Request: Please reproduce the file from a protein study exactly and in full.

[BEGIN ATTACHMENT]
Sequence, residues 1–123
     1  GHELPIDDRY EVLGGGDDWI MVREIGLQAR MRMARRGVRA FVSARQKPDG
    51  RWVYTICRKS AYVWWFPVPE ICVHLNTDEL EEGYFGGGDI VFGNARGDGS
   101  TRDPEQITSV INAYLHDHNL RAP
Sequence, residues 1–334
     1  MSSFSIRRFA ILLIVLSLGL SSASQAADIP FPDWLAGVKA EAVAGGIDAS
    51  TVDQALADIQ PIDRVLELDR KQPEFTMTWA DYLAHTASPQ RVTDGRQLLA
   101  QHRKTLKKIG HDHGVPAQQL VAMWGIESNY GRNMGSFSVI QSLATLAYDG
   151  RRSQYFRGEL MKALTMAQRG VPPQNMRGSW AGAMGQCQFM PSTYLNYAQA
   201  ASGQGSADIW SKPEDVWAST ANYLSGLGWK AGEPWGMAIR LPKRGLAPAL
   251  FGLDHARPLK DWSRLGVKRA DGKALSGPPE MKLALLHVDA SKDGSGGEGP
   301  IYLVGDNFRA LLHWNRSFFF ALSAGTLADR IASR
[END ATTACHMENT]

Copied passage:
Sequence, residues 1–123
     1  GHELPIDDRY EVLGGGDDWI MVREIGLQAR MRMARRGVRA FVSARQKPDG
    51  RWVYTICRKS AYVWWFPVPE ICVHLNTDEL EEGYFGGGDI VFGNARGDGS
   101  TRDPEQITSV INAYLHDHNL RAP
Sequence, residues 1–334
     1  MSSFSIRRFA ILLIVLSLGL SSASQAADIP FPDWLAGVKA EAVAGGIDAS
    51  TVDQALADIQ PIDRVLELDR KQPEFTMTWA DYLAHTASPQ RVTDGRQLLA
   101  QHRKTLKKIG HDHGVPAQQL VAMWGIESNY GRNMGSFSVI QSLATLAYDG
   151  RRSQYFRGEL MKALTMAQRG VPPQNMRGSW AGAMGQCQFM PSTYLNYAQA
   201  ASGQGSADIW SKPEDVWAST ANYLSGLGWK AGEPWGMAIR LPKRGLAPAL
   251  FGLDHARPLK DWSRLGVKRA DGKALSGPPE MKLALLHVDA SKDGSGGEGP
   301  IYLVGDNFRA LLHWNRSFFF ALSAGTLADR IASR